Today, President Bush Signed A Proclamation That Will Create The Northwestern Hawaiian Islands Marine National Monument. This national monument will enable nearly 140,000 square miles of the Northwestern Hawaiian Islands to receive our Nation's highest form of marine environmental protection. It honors our commitment to be good stewards of America's natural resources, shows what cooperative conservation can accomplish, and creates a new opportunity for ocean education and research for decades to come. The national monument will:
Preserve access for Native Hawaiian cultural activities;
Provide for carefully regulated educational and scientific activities;
Enhance visitation in a special area around Midway Island;
Prohibit unauthorized access to the monument;
Phase out commercial fishing over a five-year period; and
Ban other types of resource extraction and dumping of waste.
This Marine National Monument Is The Largest Single Area Dedicated To Conservation In The History Of Our Country And The Largest Protected Marine Area In The World. It is more than 100 times larger than Yosemite National Park, larger than 46 of our 50 states, and more than seven times larger than all our National Marine Sanctuaries combined.
The New Monument Fulfills A Legacy Of Conservation First Begun By President Theodore Roosevelt. In 2004, the Administration released an Ocean Action Plan to promote an ethic of responsible use and stewardship of our oceans and coastal resources. By establishing this new national monument, we are implementing an important part of our plan.
1. The New National Monument Will Honor Our Commitment To Be Good Stewards Of America's Natural Resources
Our Duty Is To Use The Land And Seas Wisely. Americans are united in the belief that we must preserve our natural heritage and safeguard the environment around us for future generations. This belief is affirmed in our laws, and today this commitment was reaffirmed once again.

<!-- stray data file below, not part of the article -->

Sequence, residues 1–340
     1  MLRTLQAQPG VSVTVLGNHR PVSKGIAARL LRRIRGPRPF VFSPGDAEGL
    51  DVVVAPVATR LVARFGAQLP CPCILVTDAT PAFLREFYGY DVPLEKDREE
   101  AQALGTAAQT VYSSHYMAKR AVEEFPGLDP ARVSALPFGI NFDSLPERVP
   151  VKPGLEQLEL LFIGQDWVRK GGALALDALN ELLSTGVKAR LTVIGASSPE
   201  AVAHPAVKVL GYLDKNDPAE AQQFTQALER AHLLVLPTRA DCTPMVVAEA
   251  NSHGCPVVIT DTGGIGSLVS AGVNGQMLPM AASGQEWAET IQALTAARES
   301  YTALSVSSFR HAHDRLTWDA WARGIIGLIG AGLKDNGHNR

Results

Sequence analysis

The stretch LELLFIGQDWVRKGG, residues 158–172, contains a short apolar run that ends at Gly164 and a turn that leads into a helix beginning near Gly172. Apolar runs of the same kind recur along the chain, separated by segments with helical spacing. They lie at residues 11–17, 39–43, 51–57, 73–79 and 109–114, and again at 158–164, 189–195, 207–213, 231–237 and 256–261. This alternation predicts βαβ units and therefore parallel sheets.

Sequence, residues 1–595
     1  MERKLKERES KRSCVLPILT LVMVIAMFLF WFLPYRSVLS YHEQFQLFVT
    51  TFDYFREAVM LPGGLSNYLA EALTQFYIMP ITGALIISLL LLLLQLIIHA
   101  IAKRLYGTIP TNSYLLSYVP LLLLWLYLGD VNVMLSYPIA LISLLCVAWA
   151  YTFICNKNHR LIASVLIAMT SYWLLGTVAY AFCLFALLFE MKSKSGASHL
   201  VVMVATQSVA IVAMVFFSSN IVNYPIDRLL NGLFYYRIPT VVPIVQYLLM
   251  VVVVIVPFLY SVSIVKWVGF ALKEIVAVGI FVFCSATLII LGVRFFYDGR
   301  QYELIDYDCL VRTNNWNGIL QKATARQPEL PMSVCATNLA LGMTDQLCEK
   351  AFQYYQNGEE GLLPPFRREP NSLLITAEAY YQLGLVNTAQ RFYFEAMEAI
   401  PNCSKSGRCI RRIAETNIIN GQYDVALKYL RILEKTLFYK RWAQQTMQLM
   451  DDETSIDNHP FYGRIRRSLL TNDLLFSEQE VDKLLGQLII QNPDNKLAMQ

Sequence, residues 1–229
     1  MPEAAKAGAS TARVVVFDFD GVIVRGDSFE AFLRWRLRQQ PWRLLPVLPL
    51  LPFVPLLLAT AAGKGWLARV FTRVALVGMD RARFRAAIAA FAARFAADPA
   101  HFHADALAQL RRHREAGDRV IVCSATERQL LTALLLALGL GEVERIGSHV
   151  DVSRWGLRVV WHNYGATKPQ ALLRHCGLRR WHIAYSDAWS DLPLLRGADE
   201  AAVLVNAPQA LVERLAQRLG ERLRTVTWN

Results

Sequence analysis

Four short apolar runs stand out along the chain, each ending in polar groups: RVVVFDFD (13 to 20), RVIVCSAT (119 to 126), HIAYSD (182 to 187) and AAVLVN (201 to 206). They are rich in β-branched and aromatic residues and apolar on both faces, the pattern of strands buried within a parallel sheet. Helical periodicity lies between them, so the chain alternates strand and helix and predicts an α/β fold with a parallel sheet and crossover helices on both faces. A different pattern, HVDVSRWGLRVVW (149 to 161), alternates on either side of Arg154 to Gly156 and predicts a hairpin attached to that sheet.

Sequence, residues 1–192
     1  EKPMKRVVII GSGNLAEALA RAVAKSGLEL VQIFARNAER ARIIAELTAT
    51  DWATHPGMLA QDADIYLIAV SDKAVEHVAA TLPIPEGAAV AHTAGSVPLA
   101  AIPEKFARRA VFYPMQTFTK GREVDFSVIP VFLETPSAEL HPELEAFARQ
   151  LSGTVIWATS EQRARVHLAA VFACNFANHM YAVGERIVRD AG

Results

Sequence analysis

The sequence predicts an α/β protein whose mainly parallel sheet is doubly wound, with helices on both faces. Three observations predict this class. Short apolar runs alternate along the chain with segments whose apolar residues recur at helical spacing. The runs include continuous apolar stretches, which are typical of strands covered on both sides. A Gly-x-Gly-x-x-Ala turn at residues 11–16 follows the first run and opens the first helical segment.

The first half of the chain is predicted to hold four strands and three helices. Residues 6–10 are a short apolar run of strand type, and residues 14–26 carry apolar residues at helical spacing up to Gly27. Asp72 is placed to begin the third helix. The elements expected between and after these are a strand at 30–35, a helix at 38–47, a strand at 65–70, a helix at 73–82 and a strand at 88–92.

The Northwestern Hawaiian Islands Are A Beautiful And Special Place. The ten islands and atolls stretch over nearly 1,400 miles - the distance from Chicago to Miami.
The Undersea Forests And Mountain Ranges Of The Northwestern Hawaiian Islands Comprise The Largest Remote Reef System In The World. In the tropical waters surrounding this archipelago, there are more than 4,500 square miles of coral-reef habitat thriving under the surface. The region holds the largest, healthiest, and most untouched coral-reef system in the United States.
The Archipelago Is Home To More Than 7,000 Marine Species - A Quarter Of Which Are Found Nowhere Else On Earth. The Northwestern Hawaiian Islands are also the primary home for the nearly 1,400 surviving Hawaiian Monk Seals - virtually the entire population of this critically endangered species. They are also the breeding grounds for approximately 90 percent of the threatened Hawaiian Islands Green Sea Turtle population.
This National Monument Will Have Strong Regulations And New Tools To Aid Enforcement In The Marine Area. The monument will preserve access for native Hawaiian cultural activities. Within the boundaries of the monument, we will prohibit unauthorized passage of ships, unauthorized recreational or commercial activity, and any extraction of coral, wildlife, minerals, and other resources, or dumping of waste.
Over A Five-Year Period, We Will Phase Out Commercial Fishing Within The Monument. We are encouraged that private organizations are prepared to work on a financial arrangement with the remaining commercial fishermen to provide for a smooth transition away from fishing in the national monument.
2. The New National Monument Shows What Cooperative Conservation Can Accomplish
The Administration Believes Cooperative Conservation Is The Best Way To Protect The Environment We All Share. This means we must focus on the needs of States, respect the unique knowledge of local authorities, and welcome the help of private groups and volunteers. Through cooperative conservation, we are moving away from the old environmental debates that pit one group against another and toward a system that brings citizens and every level of government together to get results.